>>>>> conversation about testing and looking at it in different ways. It's
>>>>> about illuminating the design, specification, collaboration and
>>>>> documentation aspects of tests, and thinking of them as executable
>>>>> examples of behaviour. You can do this all without RSpec, but RSpec
>>>>> aims to help with innovations like:
>>>>>
>>>>> * strings as example group names
>>>>> * strings as example names
>>>>> * pending examples
>>>>> * nested groups for flexible organization
>>>>> * should[_not] + matchers (inspired by hamcrest - a java library)
>>>>>  * one matcher supports both positive and negative expectations
>>>>> * improved failure messages
>>>>> * flexible/readable/customizable output formats
>>>>> * built-in mocking framework
>>>>> * plain text scenarios (now in Cucumber)
>>>>>
>>>>> Specifically with Rails:
>>>>>
>>>>> * component isolation. ZenTest offered separate test cases for
>>>>> models/views/helpers/controllers before RSpec, and RSpec extended the
>>>>> idea by allowing you to run controller examples with no dependency on
>>>>> views and vice versa. Some folks get nervous with that sort of
>>>>> isolation, but, generally, folks coming to Ruby from a background in
>>>>> TDD with Java or .NET are all over it.
>>>>>
>>>>> That's not the full list, but a good overview. You can get some of
>>>>> these things from other frameworks, but they almost all originated in
>>>>> RSpec, which has been and will continue to be a center of innovation
>>>>> in testing in Ruby since its creation in 2005.
>>>>>
>>>>> To be clear, it is certainly not the only center of innovation.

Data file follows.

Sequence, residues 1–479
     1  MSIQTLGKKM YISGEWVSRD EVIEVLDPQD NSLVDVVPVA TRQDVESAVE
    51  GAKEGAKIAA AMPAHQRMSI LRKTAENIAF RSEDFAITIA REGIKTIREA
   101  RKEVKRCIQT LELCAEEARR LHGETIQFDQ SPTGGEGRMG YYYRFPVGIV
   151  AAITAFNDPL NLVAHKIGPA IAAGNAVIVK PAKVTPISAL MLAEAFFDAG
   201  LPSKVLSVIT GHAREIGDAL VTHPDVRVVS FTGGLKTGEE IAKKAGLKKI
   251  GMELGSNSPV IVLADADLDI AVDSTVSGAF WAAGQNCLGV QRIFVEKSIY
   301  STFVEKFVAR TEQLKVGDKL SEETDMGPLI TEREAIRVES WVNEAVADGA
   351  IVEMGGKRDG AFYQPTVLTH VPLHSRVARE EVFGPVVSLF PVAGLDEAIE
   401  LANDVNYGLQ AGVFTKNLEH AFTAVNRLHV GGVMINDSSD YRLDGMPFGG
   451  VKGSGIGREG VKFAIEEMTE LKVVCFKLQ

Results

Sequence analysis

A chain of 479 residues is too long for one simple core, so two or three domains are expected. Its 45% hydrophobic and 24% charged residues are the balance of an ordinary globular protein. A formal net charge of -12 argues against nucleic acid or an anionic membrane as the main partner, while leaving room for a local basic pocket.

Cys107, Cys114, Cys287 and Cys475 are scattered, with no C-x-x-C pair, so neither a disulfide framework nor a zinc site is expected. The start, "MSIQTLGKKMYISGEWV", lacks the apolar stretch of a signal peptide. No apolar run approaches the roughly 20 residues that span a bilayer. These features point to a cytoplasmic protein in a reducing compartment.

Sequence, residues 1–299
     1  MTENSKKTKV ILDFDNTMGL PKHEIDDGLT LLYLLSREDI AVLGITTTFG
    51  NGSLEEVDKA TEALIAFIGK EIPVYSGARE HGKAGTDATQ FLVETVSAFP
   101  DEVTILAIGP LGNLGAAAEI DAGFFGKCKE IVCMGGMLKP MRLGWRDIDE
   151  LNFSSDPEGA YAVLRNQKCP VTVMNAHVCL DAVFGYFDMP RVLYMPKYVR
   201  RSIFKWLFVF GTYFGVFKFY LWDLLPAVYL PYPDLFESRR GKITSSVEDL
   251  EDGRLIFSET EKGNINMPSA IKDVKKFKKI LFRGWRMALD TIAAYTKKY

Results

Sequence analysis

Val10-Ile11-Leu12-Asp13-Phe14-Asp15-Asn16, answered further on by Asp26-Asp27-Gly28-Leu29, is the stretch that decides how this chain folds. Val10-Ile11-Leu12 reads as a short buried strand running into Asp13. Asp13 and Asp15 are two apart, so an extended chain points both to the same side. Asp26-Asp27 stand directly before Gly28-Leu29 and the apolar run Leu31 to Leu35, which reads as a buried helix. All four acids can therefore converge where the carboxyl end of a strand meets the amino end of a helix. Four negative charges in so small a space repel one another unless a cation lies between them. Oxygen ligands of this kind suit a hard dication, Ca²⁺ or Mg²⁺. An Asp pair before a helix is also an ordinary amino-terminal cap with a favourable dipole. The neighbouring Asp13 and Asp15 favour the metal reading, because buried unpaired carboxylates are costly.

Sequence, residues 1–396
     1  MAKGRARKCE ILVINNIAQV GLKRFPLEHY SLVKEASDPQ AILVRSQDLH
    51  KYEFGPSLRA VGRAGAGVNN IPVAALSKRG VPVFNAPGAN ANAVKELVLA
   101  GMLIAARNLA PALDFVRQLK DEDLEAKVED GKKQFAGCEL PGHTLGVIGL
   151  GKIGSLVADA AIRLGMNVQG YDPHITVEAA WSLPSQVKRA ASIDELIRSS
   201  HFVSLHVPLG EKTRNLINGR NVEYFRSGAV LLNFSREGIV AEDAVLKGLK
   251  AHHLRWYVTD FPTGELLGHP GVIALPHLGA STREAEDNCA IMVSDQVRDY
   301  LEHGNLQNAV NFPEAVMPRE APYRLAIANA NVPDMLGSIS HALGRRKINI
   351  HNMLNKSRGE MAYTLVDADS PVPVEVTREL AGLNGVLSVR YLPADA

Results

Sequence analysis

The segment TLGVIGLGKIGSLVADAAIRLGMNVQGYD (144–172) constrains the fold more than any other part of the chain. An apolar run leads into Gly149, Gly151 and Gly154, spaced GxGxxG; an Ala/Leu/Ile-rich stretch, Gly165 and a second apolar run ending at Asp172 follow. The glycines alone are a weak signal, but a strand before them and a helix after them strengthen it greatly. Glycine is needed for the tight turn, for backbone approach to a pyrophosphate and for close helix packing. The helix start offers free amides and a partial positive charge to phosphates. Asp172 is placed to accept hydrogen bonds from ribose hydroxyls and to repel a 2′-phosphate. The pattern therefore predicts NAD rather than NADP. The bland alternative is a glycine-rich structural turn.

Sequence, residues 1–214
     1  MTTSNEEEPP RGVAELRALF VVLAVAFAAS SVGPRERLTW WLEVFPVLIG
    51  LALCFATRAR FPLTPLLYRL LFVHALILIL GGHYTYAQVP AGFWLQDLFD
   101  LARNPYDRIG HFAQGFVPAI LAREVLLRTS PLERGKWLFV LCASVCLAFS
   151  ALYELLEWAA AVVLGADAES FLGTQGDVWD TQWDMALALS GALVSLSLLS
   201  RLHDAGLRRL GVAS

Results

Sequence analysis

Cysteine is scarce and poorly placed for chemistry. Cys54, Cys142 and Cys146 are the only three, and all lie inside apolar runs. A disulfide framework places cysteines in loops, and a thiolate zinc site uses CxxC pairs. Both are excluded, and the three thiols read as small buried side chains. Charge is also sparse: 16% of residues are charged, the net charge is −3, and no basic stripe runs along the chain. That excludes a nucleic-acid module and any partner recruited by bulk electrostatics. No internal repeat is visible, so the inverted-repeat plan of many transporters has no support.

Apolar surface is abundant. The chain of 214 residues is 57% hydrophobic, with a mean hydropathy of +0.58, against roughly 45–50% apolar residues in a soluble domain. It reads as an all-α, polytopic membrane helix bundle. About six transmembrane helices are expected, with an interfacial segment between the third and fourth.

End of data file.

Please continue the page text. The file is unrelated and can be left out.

>>>>> Shoulda brought us macros, which are great, and we've made it easier
>>>>> to write your own in RSpec, and now you can use shoulda matchers right
>>>>> in RSpec.
>>>>>
>>>>> Micronaut adds a tagging system that allows you to group examples
>>>>> together in different ways. This is definitely something we'll be
>>>>> adding to RSpec sooner or later.
>>>>>
>>>>> Ryan Davis and Eric Hodel continue to bring us game-changing testing
>>>>> tools like autotest, heckle, flog, and flay.
>>>>>
>>>>> RSpec has been around for nearly 4 years now. It has matured quite a
>>>>> bit, and continues to do so. A twitter poll back in January suggests
>>>>> that the majority of people doing testing in Ruby are using RSpec:
>>>>> http://twtpoll.com/r/zhh2fm. Note that this poll pits RSpec against
>>>>> all other frameworks and it still gets the majority. Polls are polls,
>>>>> and in a community of over a million Ruby developers, it's hard (for
>>>>> me) to believe in the accuracy of a poll that 680ish ppl voted in. But
>>>>> hey, that's 360-ish ppl who are at least willing to say they use
>>>>> rspec, so at least we know that much :)
>>>>>
>>>>> The point being that with a lot of users comes a lot of mindshare. And
>>>>> as RSpec continues to mature and become easier to contribute to, that
>>>>> mindshare will grow. More and more extension libraries like
>>>>> rspec_on_rails_on_crack and remarkable will emerge, and RSpec will get
>>>>> better and better at supporting them. It won't be long before "rspec